We are now all too aware of how readily the core objective of official housing policy was lost sight of during the housing boom, and of how the interests of investors, developers and land-owners, and the concern to maximise returns from housing-related taxes and charges, took priority over protecting and promoting the right of all citizens to have access to adequate housing.

The critical issue now is whether the newly restated ‘overall objective’ of housing policy will actually be implemented. Will it be allowed to influence and shape all Government actions which impact on housing, including planning laws and regulations; taxation policies affecting investors, developers and home owners; the operation of NAMA; the State’s own role in providing or subsidising social housing? In the face of the demands of vested interests, will those responsible for implementing the housing policy be able to fulfil the promise contained in the Statement that, in the future, policy ‘will neither force nor entice people through fiscal or other stimuli to treat housing as a commodity and a means of wealth creation’?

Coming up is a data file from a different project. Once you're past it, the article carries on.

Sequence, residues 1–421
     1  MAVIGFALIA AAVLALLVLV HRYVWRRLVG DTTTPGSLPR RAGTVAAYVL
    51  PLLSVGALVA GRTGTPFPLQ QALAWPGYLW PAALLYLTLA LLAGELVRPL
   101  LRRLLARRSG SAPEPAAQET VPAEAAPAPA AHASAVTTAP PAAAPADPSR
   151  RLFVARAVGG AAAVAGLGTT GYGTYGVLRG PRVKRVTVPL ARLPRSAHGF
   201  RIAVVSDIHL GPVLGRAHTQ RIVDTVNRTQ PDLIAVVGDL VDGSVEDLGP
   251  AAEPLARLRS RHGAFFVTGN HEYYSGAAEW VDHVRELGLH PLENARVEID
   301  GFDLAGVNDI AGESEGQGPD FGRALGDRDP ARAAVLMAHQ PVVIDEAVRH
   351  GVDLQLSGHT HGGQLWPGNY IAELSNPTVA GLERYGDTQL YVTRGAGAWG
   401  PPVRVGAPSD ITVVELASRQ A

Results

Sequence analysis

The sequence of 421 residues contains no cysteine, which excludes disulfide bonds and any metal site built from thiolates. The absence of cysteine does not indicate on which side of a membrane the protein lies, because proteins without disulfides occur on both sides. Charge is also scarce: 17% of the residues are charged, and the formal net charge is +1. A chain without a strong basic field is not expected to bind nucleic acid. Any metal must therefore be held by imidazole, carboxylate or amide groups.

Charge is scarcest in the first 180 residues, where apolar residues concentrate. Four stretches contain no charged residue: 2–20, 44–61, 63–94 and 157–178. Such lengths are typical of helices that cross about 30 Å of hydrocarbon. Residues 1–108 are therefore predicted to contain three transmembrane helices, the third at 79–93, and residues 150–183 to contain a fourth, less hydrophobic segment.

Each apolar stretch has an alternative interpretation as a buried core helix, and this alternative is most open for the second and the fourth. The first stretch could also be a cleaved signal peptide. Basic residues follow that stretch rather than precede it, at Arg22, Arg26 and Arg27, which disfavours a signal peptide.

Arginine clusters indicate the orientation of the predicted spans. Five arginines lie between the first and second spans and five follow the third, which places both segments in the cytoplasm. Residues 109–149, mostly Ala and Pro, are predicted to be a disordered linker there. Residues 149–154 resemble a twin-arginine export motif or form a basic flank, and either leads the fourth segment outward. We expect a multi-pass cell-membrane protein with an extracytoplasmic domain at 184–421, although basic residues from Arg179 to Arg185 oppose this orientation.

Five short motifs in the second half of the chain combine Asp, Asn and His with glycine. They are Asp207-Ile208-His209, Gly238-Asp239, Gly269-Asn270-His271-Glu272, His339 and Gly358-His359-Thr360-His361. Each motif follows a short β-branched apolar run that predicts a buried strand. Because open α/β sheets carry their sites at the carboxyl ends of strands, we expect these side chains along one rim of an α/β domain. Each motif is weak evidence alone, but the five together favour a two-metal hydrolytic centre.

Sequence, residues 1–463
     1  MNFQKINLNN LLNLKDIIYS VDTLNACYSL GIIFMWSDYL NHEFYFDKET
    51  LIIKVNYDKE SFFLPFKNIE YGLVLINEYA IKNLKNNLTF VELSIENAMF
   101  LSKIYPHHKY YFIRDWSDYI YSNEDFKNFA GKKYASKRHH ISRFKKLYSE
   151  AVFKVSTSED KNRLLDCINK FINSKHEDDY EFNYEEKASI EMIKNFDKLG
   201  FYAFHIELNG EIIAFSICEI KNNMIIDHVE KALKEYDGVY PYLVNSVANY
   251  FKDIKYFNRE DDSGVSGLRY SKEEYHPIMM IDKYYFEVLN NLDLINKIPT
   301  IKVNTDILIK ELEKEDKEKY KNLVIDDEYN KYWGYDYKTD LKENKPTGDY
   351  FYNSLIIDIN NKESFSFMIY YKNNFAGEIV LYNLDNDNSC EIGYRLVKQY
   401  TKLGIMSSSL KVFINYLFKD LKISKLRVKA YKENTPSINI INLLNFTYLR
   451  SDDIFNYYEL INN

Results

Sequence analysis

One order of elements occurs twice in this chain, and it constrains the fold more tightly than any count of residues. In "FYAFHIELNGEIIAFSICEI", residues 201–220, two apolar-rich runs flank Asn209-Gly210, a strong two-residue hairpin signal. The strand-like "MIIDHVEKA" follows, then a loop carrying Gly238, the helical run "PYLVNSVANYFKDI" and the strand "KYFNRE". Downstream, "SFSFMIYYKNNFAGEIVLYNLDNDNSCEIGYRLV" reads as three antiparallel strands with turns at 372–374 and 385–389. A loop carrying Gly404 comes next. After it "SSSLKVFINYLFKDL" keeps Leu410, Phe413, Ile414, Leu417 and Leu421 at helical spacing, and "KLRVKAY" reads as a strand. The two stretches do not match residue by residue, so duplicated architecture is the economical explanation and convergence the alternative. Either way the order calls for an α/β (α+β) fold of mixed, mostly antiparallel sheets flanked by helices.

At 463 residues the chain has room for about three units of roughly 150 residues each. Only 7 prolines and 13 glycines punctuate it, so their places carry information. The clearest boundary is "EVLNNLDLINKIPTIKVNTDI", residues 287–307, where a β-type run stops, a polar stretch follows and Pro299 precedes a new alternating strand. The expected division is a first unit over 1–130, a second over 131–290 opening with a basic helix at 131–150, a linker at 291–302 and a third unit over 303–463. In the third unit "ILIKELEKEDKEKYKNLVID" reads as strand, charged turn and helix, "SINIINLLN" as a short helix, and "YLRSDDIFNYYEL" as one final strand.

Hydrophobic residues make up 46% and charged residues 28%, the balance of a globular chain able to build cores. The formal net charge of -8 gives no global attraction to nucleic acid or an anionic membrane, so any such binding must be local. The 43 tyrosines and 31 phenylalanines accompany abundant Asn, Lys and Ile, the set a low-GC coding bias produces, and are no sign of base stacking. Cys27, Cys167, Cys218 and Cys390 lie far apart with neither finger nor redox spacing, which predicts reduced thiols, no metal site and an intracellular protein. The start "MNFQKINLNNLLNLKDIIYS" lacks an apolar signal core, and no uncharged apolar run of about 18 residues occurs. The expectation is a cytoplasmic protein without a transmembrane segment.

Three of the articles in this issue of Working Notes highlight some of the consequences of failures of past, and current, housing policy in Ireland.

In the opening article, Michael Punch considers the ‘housing vulnerability’ that is now the experience of tens of thousands of households in Ireland, instancing the mortgage debt crisis, the dramatic rise in the number of households on the waiting lists for social housing, and the precarious situation of the many households on low incomes in poor- quality private rented accommodation.

Peter McVerry SJ writes about the increase in the overall number of people becoming homeless and the rise in the number unable to access even emergency accommodation. He points out that the 2008 Homeless Strategy promised a new era for services for homeless people, with 2010 set as the target date for achieving two key objectives, namely, an end to the need for any person to sleep rough or to remain in emergency shelter for longer than six months. He attributes the failure to achieve these targets to the decision to rely on the private sector to provide accommodation for people moving out of homelessness, rather than the direct provision of social housing through local authorities and voluntary housing bodies.